Where are all the 2TB SSDs? It's a question we've been hearing since they started to go mainstream seven years ago. While we have seen a few come along on the enterprise side as far back as 2011, those were prohibitively large, expensive, and out of reach of most consumers. Part of the problem initially was one of packaging. Flash dies simply were not of sufficient data capacity (and could not be stacked in sufficient quantities) as to reach 2TB in a consumer friendly form factor. We have been getting close lately, with many consumer focused 2.5" SATA products reaching 1TB, but things stagnated there for a bit. Samsung launched their 850 EVO and Pro in capacities up to 1TB, with plenty of additional space inside the 2.5" housing, so it stood to reason that the packaging limit was no longer an issue, so why did they keep waiting?

The first answer is one of market demand. When SSDs were pushing $1/GB, the thought of a 2TB SSD was great right up to the point where you did the math and realized it would cost more than a typical enthusiast-grade PC. That was just a tough pill to swallow, and market projections showed it would take more work to produce and market the additional SKU than it would make back in profits.

The second answer is one of horsepower. No, this isn't so much a car analogy as it is simple physics. 1TB SSDs had previously been pushing the limits of controller capabilities of flash and RAM addressing, as well as handling Flash Translation Layer lookups as well as garbage collection and other duties. This means that doubling a given model SSD capacity is not as simple as doubling the amount of flash attached to the controller - that controller must be able to effectively handle twice the load.

With all of that said, it looks like we can finally stop asking for those 2TB consumer SSDs, because Samsung has decided to be the first to push into this space:


Today we will take a look at the freshly launched 2TB version of the Samsung 850 EVO and 850 Pro. We will put these through the same tests performed on the smaller capacity models. Our hope is to verify that the necessary changes Samsung made to the controller are sufficient to keep performance scaling or at least on-par with the 1TB and smaller models of the same product lines.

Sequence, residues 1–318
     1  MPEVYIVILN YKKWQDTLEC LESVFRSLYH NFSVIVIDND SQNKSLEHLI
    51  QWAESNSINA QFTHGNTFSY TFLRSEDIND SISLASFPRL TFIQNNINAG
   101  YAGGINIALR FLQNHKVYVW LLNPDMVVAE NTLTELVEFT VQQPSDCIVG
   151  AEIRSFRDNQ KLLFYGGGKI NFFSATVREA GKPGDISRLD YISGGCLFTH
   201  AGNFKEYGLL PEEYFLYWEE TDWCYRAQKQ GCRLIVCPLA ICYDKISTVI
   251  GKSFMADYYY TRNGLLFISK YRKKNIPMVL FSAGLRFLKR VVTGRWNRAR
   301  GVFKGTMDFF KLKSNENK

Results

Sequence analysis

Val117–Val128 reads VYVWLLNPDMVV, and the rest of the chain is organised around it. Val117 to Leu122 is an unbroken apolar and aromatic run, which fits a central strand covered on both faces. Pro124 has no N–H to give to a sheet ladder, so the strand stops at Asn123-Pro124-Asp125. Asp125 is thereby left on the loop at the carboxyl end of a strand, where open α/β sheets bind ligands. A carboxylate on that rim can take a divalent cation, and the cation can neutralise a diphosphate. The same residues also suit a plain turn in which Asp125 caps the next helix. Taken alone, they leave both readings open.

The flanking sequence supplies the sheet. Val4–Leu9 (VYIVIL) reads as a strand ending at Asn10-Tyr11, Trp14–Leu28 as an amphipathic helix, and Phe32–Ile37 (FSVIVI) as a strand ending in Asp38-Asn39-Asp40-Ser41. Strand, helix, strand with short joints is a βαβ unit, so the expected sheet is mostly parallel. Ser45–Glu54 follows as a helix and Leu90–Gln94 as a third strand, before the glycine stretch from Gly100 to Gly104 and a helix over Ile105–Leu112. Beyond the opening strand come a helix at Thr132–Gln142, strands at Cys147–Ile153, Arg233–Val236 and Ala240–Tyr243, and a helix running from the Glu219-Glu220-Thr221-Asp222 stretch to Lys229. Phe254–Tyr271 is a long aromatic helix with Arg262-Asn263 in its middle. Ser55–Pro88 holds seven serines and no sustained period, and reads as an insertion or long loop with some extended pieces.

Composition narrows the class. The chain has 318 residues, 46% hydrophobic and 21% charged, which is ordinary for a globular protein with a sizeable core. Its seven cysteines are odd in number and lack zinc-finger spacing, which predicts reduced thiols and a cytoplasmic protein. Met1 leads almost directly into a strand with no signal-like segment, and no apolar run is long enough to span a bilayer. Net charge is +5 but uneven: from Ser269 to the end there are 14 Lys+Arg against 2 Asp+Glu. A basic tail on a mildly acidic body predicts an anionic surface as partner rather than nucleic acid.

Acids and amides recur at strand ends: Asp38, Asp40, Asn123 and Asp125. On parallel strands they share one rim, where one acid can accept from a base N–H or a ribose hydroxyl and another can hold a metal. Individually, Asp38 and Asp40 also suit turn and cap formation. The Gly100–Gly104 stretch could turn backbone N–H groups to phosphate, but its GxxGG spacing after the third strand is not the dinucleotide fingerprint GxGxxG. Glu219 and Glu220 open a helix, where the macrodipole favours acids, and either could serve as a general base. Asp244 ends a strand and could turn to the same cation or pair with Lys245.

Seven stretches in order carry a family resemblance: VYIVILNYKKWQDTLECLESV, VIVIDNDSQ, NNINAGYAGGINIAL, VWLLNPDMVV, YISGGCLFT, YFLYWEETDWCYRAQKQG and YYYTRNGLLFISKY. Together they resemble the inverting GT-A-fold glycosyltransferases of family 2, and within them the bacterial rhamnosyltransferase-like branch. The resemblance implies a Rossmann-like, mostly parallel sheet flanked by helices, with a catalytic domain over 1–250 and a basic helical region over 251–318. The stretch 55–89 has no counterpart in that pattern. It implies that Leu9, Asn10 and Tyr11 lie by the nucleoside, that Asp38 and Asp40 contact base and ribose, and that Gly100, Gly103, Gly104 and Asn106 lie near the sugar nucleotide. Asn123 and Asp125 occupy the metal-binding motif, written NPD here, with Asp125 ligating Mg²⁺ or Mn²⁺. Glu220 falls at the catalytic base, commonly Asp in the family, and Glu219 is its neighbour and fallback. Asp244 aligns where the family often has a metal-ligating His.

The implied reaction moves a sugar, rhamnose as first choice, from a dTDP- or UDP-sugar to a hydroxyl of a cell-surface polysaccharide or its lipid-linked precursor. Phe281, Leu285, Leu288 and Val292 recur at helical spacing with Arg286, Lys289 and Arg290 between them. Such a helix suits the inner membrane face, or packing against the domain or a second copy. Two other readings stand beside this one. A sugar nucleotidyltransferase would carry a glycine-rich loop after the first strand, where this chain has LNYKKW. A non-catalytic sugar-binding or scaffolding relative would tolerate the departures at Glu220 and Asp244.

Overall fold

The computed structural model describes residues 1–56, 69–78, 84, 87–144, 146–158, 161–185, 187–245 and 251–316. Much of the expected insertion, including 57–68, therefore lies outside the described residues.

Read on for the full review!

Can Seagate's cached HDD compete with an SSD + HDD setup?

Subject: Storage | October 4, 2013 - 02:12 PM |
Tagged: hybrid hdd, cache, Seagate, 2TB

Benchmarking cached HDDs can be a difficult task as they are specifically designed to cache commonly used data which results in two very different speeds for data access, the 8GB SSD and the actual HDD.  The Tech Report recently met this challenge when benchmarking Seagate's first 3.5" desktop cached drive with 8GB of flash and 2TB of platter storage.  When contrasting it to some of the higher end HDDs available it became apparent that the more expensive WD Black 4TB was a faster drive but as it does cost more per gigabyte it might not be the best choice for every purpose.  Check out the review to see if this hybrid device is a better choice than buying both a small sized SSD and a large HDD for your own usage.


"Seagate's hybrid tech has finally been deployed in a desktop drive. The Desktop SSHD combines an 8GB flash cache with 2TB of mechanical storage. We take a closer look at how that combo holds up against standard hard drives and SSDs."

Here are some more Storage reviews from around the web: